Assume that is a set of observations of some unknown CA belonging to , i.e. . Let be a CA, and for every , let be a strictly increasing sequence of natural numbers.
As a start, we define the error measure , which measures how well a given CA fits the observation set , assuming that is the time step of the –th row in observation . The measure is defined as:
where is the number of rows of observation . The following fact is an direct consequence of the definition of the identification problem.
if and only if there exists a sequence such that .
Note that in the case when we will write instead of .
Let be a sequence of natural numbers, and let be a CA rule. Observation defined as:
will be referred to as the –completion of with time gaps . Note that any observation satisfies for any , .
The calculation is as follows. Firstly we compute . Since we simply apply the rule to the first row of , i.e. . Since , to find , we first need to compute one additional configuration by evaluating the rule on configuration . It is easy to check that , and thus ∎
Based on Proposition 3, we define an alternative error measure that will turn out to be more useful in the construction of the solution algorithm. Assuming that is a sequence of natural numbers representing time gaps, is defined as:
Since , we can express without using the function as:
We refer again to observation , CA and used in Example 4 and we compute the error measures and . Let us start with . Following the fact that , we get . The error measure can be computed easily by evolving , starting from the initial configuration and comparing the results with the values in , for entries not occupied by .
Starting from the top: . Since we compare the outcome with the second row of . As we see, has an incorrect value, so it does not contribute to the error and which is a correct value. Since we should further evolve three times, starting from , but since , we can simply compare with and see that no errors occur. Summing up, the total error is: .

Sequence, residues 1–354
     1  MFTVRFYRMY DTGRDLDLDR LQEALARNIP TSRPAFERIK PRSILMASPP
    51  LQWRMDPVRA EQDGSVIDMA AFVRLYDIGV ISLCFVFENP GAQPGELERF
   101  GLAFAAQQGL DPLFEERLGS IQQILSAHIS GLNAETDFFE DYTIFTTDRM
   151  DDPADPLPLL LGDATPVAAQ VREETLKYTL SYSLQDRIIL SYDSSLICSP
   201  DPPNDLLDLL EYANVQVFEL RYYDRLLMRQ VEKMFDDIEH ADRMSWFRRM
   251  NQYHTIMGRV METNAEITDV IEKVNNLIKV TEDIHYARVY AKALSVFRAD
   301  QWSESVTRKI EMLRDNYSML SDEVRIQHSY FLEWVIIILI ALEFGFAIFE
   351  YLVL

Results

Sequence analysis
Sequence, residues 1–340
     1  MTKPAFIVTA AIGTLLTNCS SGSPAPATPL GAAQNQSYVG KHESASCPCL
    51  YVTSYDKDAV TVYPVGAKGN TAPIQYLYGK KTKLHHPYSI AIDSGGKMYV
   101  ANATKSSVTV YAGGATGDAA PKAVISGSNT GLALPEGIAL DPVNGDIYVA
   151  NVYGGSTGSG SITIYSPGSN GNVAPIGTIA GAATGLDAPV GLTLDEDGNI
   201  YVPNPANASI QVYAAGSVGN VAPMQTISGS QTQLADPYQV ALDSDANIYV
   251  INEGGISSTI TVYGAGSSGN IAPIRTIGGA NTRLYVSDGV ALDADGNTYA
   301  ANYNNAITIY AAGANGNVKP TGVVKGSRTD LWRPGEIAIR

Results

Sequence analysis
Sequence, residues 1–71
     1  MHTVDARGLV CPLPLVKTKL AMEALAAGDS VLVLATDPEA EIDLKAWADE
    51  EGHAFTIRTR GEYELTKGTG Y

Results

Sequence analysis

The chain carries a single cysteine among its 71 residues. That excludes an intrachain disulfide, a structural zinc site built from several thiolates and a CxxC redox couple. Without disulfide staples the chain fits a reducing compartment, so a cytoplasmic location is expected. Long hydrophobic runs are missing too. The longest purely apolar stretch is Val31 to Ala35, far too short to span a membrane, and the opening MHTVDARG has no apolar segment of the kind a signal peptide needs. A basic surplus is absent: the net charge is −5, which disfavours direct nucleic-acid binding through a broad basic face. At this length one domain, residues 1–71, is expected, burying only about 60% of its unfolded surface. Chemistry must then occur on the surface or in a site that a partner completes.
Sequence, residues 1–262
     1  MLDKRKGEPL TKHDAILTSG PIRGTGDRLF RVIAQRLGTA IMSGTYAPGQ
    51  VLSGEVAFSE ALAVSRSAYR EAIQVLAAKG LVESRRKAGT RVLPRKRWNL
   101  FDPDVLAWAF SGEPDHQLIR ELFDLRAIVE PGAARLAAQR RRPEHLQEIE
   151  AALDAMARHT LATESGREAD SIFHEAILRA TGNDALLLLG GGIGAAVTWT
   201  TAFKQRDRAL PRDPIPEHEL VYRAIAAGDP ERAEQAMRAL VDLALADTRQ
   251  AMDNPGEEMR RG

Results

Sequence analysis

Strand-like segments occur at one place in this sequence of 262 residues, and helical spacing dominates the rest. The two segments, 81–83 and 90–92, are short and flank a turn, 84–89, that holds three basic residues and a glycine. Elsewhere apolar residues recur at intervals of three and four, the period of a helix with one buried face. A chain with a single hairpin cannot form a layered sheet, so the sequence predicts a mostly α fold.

Similarly, we find the value of , by taking pairs of rows and and comparing the results of and . The error in the first pair of rows is the same as in the case of . For the second pair the initial condition is , and since and since , we do not further evaluate . We compare with , which yields 2 incorrect values. Summing up, the total error is . ∎
The relation between and is expressed by the following proposition.
Let be a CA rule and an observation set. There exists a strictly increasing sequence of natural numbers, such that if and only if there exists a sequence of natural numbers such that .
As a consequence of Proposition 7, the identification problem can be expressed mathematically as the minimization of . Note that this is only possible due to the assumption that observation set contains partial space-time diagrams of some unknown CA. In a more general setting, where the observations could have a more complex origin, such a simplification is not possible.
As mentioned earlier, we consider the case where the upper bound for the time gaps is known. Using this knowledge, we define the error measure independently of the selection of as: